A crew is a group of two or more b-boys or b-girls who choose to dance together for whatever purpose, either simultaneously or separately. Some of the most known crews to the mainstream population in the USA include crews like the Rock Steady Crew, New York City Breakers and the Boogie Brats.


Battles are an integral part of the b-boying culture. They can take the form of a cypher battle and an organized battle. Both types of battles are head to head confrontations between individuals or groups of dancers who try to out-dance each other.

The cypher (or the circle) is the name given to a circle of b-boys and/or b-girls who take turns dancing in the center. There are no judges (other than the participants of the cypher itself), concrete rules or restrictions in the cypher, only unsaid traditions. Although people aren't always battling each other in the cypher, there are many times when battles do take place. B-boying began in the cypher and only later did organized competition develop. This type of battle is how b-boying was originally and it is often more confrontational and more personal. The battle goes on until it ends for one of many possible reasons, such as one dancer admitting defeat. Cypher culture is more present in communities with a stronger emphasis and understanding of original, true hip hop culture. Battling in the cypher is also a common way for dancers to settle issues between each other whether it be individuals or crews.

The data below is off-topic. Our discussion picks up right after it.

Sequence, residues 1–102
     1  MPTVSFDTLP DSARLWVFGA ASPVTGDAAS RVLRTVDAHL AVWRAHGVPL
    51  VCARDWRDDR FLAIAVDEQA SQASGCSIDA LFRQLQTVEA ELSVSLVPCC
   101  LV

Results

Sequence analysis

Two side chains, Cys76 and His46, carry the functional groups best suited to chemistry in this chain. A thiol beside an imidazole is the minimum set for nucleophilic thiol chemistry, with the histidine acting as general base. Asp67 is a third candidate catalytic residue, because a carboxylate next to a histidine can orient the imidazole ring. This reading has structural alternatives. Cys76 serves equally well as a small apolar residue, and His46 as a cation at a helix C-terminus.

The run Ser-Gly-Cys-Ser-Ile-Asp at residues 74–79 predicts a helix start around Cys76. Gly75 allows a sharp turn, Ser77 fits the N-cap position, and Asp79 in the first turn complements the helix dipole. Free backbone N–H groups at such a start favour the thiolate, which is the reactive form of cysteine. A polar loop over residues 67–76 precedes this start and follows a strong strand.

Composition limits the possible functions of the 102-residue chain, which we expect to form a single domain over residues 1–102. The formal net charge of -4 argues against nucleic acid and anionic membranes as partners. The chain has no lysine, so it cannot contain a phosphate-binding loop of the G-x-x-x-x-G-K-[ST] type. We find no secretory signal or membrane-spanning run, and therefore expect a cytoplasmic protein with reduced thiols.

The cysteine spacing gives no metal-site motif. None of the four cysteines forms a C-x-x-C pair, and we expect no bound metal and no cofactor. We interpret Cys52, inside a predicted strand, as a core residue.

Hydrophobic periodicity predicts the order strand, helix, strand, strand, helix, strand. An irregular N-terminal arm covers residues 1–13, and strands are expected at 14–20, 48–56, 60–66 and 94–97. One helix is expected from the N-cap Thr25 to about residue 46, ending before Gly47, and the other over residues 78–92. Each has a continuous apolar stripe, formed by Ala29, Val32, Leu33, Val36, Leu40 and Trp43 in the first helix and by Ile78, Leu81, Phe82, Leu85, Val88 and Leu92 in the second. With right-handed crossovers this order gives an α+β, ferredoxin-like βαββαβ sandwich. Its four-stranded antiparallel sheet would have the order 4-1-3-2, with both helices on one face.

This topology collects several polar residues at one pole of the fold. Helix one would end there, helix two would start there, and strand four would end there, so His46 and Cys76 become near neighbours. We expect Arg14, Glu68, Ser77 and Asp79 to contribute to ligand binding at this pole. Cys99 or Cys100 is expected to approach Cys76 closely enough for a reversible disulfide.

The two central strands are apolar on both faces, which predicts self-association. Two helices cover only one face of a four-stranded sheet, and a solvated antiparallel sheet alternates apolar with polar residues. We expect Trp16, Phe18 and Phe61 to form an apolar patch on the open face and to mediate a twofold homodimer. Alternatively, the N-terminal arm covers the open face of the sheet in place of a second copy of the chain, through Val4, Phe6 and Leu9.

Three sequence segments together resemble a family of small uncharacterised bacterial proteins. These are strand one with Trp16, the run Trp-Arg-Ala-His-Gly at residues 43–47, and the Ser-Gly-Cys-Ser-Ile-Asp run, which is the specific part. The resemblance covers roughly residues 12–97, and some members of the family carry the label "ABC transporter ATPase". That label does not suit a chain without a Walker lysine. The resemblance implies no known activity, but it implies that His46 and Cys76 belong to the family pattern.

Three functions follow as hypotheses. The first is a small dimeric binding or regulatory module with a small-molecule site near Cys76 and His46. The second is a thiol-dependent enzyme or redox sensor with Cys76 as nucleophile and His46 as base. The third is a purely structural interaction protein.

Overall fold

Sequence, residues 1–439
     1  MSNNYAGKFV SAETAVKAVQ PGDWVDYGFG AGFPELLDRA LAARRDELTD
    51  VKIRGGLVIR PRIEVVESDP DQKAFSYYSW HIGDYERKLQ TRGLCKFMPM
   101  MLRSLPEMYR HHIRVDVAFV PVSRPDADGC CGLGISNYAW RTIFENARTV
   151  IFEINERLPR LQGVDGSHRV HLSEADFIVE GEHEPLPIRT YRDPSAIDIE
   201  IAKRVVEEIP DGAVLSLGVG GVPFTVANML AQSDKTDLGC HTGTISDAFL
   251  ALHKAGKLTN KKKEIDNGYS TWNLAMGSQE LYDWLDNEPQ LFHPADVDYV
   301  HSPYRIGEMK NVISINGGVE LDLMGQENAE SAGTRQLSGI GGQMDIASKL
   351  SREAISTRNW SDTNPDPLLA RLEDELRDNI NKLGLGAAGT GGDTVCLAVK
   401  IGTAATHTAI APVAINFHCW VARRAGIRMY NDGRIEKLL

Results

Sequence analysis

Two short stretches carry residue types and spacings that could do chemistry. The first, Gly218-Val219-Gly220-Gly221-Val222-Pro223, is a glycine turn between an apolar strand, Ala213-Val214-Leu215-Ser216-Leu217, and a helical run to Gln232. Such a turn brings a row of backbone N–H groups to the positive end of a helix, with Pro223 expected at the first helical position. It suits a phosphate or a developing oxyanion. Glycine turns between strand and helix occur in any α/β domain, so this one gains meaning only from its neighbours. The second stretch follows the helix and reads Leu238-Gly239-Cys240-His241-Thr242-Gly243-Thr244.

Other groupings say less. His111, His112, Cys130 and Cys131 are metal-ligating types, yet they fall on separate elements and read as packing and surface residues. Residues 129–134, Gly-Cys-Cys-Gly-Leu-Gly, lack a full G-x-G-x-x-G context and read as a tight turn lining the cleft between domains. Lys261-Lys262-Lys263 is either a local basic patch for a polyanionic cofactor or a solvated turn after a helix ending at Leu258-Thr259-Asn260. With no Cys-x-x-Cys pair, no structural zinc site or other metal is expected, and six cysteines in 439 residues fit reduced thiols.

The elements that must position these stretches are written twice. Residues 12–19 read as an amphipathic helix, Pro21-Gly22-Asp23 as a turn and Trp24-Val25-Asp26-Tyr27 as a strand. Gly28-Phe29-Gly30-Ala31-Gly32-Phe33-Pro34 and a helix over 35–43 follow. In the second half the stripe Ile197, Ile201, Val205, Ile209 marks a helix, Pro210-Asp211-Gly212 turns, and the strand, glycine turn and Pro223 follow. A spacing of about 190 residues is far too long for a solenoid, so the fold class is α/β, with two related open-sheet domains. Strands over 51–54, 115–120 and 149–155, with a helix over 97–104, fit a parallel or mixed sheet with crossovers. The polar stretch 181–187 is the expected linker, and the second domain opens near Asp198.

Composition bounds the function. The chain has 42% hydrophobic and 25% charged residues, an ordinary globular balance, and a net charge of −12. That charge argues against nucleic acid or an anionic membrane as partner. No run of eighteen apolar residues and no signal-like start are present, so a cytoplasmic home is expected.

Organized battles, however, set a format for the battle, such as a time limit, or specify a limit for the number of dancers that can represent each side. Organized battles also have judges, who are usually chosen based on years of experience, level of deeper cultural knowledge, contribution to the scene and general ability to judge in an unbiased manner. There are however, times when non b-boys or non b-girls are chosen to judge by some organizers, and these type of events (jams) are often looked down upon by the b-boying community. Organized battles are far more publicized and known to the mainstream community, and include famous international-level competitions such as Battle of the Year, UK B-Boy Championships Redbull BC One, Freestyle Session and R16 Korea. It should be noted however that a view exists that a trend in recent years has been to place an over-emphasis on organized battles, which takes away from a more originality-based aspect of the culture that is often more emphasized in cypher culture.[1]